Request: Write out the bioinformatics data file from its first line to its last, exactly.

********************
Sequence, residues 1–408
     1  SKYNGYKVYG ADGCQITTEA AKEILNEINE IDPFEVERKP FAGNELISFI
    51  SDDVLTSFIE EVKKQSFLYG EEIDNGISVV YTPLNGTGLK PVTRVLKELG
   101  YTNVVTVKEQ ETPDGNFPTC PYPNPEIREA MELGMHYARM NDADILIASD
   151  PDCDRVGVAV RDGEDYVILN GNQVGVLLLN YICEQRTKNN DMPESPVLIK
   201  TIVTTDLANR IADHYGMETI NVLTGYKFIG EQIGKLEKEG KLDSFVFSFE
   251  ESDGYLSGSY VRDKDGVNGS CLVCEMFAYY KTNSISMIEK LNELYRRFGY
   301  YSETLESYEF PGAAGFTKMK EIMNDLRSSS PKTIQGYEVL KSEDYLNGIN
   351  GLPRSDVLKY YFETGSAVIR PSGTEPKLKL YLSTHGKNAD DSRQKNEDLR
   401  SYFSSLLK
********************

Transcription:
Sequence, residues 1–408
     1  SKYNGYKVYG ADGCQITTEA AKEILNEINE IDPFEVERKP FAGNELISFI
    51  SDDVLTSFIE EVKKQSFLYG EEIDNGISVV YTPLNGTGLK PVTRVLKELG
   101  YTNVVTVKEQ ETPDGNFPTC PYPNPEIREA MELGMHYARM NDADILIASD
   151  PDCDRVGVAV RDGEDYVILN GNQVGVLLLN YICEQRTKNN DMPESPVLIK
   201  TIVTTDLANR IADHYGMETI NVLTGYKFIG EQIGKLEKEG KLDSFVFSFE
   251  ESDGYLSGSY VRDKDGVNGS CLVCEMFAYY KTNSISMIEK LNELYRRFGY
   301  YSETLESYEF PGAAGFTKMK EIMNDLRSSS PKTIQGYEVL KSEDYLNGIN
   351  GLPRSDVLKY YFETGSAVIR PSGTEPKLKL YLSTHGKNAD DSRQKNEDLR
   401  SYFSSLLK